Aside from developing projects and producing hits, Headquarter Entertainment has signed and/or manages some of the most talented artists today, such as the aforementioned the Frontline BoyZ (Jellyroll, J-2, GX, Wali Ali, and 1500). Also on the roster is Glenn Lewis, an established R&B artist with a wide fan base and impressive Sound Scan history.

JOSH DUHAMEL (Captain Lennox, U.S. Army) is a rising star on both the big and small screens. Named one of People Magazine's 50 Most Beautiful People, he currently stars as Danny McCoy on NBC's hit one-hour drama "Las Vegas" with James Caan, Molly Sims and Vanessa Marcil. Last year he starred in the horror thriller "Turistas," along with Melissa George and Olivia Wilde. In 2004, Duhamel starred in the title role of DreamWorks' comedy "Win a Date with Tad Hamilton!" for director Robert Luketic ("Legally Blonde").


Captain Lennox (JOSH DUHAMEL) combats an attack by an alien race

Duhamel landed his first acting job playing Dorian Gray in an adaptation of Oscar Wilde's "The Picture of Dorian Gray." After the shoot, he moved to New York City to join the cast of the long-running ABC series "All My Children." Duhamel received three consecutive Daytime Emmy Award nominations for Outstanding Supporting Actor in a Drama Series for his portrayal of Leo du Pres, and took home the Emmy in 2002.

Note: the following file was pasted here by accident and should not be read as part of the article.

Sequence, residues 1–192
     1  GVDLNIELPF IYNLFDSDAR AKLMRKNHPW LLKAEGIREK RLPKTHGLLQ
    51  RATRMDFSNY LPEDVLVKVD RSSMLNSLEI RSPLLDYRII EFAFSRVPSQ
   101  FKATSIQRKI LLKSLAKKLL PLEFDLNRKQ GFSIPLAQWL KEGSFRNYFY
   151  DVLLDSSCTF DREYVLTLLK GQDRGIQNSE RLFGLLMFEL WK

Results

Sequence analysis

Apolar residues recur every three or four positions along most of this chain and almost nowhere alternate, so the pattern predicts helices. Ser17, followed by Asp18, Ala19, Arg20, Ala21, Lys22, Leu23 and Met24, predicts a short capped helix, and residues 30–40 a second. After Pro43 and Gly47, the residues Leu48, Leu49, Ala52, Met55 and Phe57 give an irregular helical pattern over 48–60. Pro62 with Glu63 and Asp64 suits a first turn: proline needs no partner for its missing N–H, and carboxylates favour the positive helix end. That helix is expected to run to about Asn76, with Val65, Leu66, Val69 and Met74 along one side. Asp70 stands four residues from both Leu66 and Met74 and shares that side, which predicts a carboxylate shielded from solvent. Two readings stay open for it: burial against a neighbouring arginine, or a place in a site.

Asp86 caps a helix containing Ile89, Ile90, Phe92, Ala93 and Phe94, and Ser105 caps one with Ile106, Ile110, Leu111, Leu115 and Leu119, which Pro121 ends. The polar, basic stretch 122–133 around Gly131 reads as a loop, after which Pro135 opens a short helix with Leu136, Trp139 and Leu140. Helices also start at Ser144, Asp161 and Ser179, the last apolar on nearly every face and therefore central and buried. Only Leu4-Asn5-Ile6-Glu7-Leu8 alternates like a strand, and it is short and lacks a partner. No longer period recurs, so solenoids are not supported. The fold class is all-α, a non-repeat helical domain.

Originally from North Dakota, he currently resides in Los Angeles.

ANTHONY ANDERSON (Glen Whitmann) has appeared in more than 20 films and has earned three NAACP Image Award nominations. He is currently at work on several projects, including "Steppin': The Movie" for director Michael Taliferro, and the Fox Television pilot "K-Ville," directed by Deran Sarafian and starring Cole Hauser. He will soon begin production on "The Trunk," with Djimon Hounsou and Thomas Kretschmann.


Techies Maggie Madsen (RACHAEL TAYLOR, left) and Glen Whitmann (ANTHONY ANDERSON, right) are called in to help prevent alien annihilation

Last year Anderson appeared in Martin Scorsese's Academy Award®-winning "The Departed," along with a stellar cast including Leonardo DiCaprio, Matt Damon and Jack Nicholson. In 2005, Anderson co-starred in Paramount Pictures' critically acclaimed "Hustle & Flow" opposite Oscar® nominee Terrence Howard. Both films earned Screen Actors Guild Award nominations for Outstanding Performance by a Cast in a Motion Picture.